- Wealth PMS
February 2011 Inflation came in at 8.3%, with a pick-up in manufacturing goods. I had written earlier that the danger remains of inflation moving from primary items to secondary items and now that seems to be happening.
At MarketVision we have created a Visualization of Inflation in India. The idea is to look at where components seem to be showing high inflation. You can click to zoom in and right-click to zoom out. The boxes are sized according to their weight in the inflation index, and coloured according to inflation in that component (y-o-y).
So overall inflation looks like this.
You’ll note that while we give a lot of importance to food, it’s about 25% of the index (Food Articles plus food products). In comparison, chemicals and metals add up to 22%! We should be worried about inflation sneaking up in those parts as well.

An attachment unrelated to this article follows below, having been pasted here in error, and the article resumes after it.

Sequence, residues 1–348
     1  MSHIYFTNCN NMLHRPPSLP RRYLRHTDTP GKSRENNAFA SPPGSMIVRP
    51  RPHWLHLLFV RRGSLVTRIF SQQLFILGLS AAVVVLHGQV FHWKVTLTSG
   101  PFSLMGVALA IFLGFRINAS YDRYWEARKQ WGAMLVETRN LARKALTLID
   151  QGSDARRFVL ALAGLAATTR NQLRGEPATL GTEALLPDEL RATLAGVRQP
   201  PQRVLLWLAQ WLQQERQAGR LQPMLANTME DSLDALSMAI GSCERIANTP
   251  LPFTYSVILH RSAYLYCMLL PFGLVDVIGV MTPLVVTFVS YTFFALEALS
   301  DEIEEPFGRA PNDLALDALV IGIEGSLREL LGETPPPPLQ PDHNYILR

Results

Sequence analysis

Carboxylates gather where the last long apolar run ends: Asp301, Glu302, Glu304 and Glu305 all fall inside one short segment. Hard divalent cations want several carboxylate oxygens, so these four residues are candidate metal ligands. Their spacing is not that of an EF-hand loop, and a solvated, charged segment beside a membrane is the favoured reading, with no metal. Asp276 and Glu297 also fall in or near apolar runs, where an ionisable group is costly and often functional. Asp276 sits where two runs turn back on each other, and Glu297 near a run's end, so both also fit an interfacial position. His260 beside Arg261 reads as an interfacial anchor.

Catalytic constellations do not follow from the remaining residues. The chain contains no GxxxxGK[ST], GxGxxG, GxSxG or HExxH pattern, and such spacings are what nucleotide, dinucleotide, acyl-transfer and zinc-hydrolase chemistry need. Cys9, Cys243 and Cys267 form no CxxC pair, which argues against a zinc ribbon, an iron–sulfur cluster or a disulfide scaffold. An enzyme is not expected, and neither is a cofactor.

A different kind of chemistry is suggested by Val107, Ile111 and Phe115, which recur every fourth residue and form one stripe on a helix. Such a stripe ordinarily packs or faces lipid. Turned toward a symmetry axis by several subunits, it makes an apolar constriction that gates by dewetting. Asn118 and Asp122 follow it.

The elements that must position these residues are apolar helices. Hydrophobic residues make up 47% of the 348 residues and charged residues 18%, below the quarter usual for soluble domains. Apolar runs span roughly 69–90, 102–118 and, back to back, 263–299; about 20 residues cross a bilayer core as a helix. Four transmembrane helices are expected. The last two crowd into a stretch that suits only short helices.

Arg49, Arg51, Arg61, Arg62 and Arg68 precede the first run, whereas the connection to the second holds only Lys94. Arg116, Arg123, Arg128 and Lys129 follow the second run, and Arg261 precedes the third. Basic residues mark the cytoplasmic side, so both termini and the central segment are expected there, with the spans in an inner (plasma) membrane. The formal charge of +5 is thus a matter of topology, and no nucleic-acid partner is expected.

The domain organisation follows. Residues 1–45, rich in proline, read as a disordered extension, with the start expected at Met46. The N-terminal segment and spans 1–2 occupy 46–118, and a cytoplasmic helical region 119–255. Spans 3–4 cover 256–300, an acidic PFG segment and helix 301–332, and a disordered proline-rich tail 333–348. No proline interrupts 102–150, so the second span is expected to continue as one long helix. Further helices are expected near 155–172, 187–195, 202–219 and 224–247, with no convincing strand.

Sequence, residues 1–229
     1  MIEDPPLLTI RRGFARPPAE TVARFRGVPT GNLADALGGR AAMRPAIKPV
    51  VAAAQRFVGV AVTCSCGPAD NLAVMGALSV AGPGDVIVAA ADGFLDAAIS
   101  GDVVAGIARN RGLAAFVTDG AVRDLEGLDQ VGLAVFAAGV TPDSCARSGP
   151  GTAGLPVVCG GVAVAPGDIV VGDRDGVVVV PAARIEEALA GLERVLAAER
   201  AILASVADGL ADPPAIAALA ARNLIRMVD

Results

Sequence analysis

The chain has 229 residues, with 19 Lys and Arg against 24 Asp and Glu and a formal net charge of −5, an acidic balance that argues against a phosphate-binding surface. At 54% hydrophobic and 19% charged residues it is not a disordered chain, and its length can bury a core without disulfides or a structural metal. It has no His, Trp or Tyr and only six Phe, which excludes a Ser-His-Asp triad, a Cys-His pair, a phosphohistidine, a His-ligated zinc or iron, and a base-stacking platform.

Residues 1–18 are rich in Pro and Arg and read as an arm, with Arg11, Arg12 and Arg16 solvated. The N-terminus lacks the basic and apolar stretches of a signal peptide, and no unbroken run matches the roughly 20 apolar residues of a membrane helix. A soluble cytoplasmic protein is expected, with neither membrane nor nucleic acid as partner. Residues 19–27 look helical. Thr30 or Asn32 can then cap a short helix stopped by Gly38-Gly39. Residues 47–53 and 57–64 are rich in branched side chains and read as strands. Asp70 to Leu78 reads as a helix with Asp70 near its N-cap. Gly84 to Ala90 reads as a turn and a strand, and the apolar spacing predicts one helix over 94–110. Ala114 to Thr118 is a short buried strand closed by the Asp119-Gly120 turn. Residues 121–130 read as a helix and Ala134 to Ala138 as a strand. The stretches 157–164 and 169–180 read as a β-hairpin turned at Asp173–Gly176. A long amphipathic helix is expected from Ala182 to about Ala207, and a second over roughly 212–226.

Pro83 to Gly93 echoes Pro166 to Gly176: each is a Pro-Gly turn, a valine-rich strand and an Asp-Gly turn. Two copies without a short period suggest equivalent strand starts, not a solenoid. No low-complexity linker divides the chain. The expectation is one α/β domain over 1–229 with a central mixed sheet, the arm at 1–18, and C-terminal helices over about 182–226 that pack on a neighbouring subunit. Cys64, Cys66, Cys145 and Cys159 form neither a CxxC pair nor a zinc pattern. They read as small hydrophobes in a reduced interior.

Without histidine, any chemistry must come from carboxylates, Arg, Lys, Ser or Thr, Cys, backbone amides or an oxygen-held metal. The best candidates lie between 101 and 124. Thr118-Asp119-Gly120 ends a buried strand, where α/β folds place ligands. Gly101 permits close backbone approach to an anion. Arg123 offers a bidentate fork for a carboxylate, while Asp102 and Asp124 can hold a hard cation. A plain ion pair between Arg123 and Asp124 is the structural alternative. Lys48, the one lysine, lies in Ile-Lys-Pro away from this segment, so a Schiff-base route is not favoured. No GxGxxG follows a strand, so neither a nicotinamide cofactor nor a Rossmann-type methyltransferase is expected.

Manufactured products – 65% of the overall index – is up 4.90% after going below 4% last month. Look at the individual component chart:
These are the red-hot items in February. Figures in brackets are inflation numbers.
Cotton and Silk prices will flow to the readymade garments (part of manufactured goods, textiles) in the coming months. Watch how the manufactured side of the business is starting to perk up, but it’s not there yet, with cotton textiles at 19.2% inflation:
With Japan’s crisis, worldwide timber costs will go up. And buy tyres now – raw rubber costs are going up. That will eventually translate to the manufactured items too.
At the fuels level, we’re seeing a decent behaviour in utilities (electricity). But fuel oils is heating up.
However, they haven’t updated the price of the whole Coal subsystem for an entire year now. Coke prices are up sharply since the floods in Australia, but we aren’t seeing that reflected in the index. That is back to Indian Data Suckage.
Some interesting sub-items:
Polyester film prices have moderated a bit. Note how rubber is still benign in the manufactured items piece.
But before I go berserk pasting pieces, I encourage you to explore the Visualization of Inflation in India.
(Note: there are some issues with it going insane after a few minutes. We’re looking into it. Meanwhile, refresh the page if you hit the problem.